Cloud Computing for Cytopathologists

Cloud Computing for Cytopathologists

Abraham Pouliakis (University of Athens, Greece), Stavros Archondakis (401 Military Hospital, Greece), Efrossyni Karakitsou (National Technical University of Athens, Greece) and Petros Karakitsos (University of Athens, Greece)
Copyright: © 2015 |Pages: 21
DOI: 10.4018/978-1-4666-6539-2.ch060

Abstract

Cloud computing is changing the way enterprises, institutions, and people understand, perceive, and use current software systems. Cloud computing is an innovative concept of creating a computer grid using the Internet facilities aiming at the shared use of resources such as computer software and hardware. Cloud-based system architectures provide many advantages in terms of scalability, maintainability, and massive data processing. By means of cloud computing technology, cytopathologists can efficiently manage imaging units by using the latest software and hardware available without having to pay for it at non-affordable prices. Cloud computing systems used by cytopathology departments can function on public, private, hybrid, or community models. Using cloud applications, infrastructure, storage services, and processing power, cytopathology laboratories can avoid huge spending on maintenance of costly applications and on image storage and sharing. Cloud computing allows imaging flexibility and may be used for creating a virtual mobile office. Security and privacy issues have to be addressed in order to ensure Cloud computing wide implementation in the near future. Nowadays, cloud computing is not widely used for the various tasks related to cytopathology; however, there are numerous fields for which it can be applied. The envisioned advantages for the everyday practice in laboratories' workflow and eventually for the patients are significant. This is explored in this chapter.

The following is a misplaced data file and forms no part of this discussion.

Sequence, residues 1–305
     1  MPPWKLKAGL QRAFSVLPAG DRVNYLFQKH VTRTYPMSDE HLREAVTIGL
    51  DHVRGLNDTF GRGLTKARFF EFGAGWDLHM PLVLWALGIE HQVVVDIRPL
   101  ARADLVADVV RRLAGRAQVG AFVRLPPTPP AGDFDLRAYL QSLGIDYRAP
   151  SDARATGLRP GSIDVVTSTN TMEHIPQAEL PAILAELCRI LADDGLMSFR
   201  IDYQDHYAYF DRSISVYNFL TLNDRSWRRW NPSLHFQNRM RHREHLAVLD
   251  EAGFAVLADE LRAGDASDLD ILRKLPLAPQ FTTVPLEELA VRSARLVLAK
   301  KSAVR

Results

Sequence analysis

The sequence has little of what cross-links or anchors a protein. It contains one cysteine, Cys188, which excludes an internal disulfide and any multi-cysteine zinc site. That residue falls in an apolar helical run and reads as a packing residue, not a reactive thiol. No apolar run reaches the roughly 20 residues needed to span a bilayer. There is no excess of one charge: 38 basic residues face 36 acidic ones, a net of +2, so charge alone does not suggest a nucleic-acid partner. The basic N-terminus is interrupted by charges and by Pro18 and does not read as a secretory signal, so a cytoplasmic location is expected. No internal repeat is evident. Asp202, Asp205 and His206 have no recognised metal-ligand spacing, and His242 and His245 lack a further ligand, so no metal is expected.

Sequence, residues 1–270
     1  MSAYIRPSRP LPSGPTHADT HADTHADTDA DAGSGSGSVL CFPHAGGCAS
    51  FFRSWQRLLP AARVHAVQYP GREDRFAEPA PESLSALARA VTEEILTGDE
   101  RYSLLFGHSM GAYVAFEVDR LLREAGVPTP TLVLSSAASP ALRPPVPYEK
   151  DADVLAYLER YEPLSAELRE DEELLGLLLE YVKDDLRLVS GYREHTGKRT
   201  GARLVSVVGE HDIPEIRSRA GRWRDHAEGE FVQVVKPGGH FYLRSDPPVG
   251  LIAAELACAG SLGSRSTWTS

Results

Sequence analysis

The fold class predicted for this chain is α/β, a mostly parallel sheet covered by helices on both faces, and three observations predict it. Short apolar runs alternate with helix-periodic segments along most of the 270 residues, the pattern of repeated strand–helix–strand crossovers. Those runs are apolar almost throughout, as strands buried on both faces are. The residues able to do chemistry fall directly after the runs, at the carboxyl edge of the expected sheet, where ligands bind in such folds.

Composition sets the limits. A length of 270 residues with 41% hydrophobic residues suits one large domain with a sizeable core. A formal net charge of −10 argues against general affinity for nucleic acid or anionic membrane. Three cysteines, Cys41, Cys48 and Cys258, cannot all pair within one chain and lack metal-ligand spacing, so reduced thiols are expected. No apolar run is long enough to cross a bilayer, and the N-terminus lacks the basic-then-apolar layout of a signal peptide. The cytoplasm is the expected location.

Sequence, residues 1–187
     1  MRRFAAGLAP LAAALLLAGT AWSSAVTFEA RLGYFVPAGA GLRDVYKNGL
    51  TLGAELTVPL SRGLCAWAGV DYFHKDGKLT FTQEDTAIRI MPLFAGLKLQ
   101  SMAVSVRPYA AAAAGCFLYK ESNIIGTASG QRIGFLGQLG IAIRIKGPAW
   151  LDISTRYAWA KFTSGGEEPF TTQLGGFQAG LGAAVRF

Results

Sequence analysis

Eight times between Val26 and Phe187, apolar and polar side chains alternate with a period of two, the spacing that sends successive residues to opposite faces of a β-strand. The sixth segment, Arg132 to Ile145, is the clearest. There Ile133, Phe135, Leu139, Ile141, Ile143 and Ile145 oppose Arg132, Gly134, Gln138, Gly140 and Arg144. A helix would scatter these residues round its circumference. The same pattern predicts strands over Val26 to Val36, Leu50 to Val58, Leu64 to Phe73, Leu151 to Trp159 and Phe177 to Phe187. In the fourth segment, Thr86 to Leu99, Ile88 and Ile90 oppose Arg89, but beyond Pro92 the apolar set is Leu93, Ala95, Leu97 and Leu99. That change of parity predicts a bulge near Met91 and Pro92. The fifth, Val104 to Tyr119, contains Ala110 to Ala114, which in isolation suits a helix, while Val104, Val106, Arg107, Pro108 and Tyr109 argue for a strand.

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Background

A cloud system is actually a network of computer servers offered under demand as a service. The system is designed to be flexible, scalable, secure and robust. Cloud systems usually provide software, data access, and data storage services provided by this interconnected grid of computers that permits sharing of resources through the Internet and works on a pay-per-use model.

Cloud systems are categorized into three different groups according to the offered service type:

  • Infrastructure as a Service (IaaS), which means offering hardware, storage and physical devices over the Internet.

  • Software as a Service (SaaS), which means offering software and hosted applications over the Internet.

  • Platform as a Service (PaaS), which means offering the capability to deploy applications created using programming languages, libraries, services, and tools owned and supported by the provider.

For cloud computing, the user/consumer does not manage or control the underlying cloud infrastructure, but has control over the deployed applications. Clouds, according to their location of hosting, may be public, private, hybrid, and community, especially adapted to the medical field:

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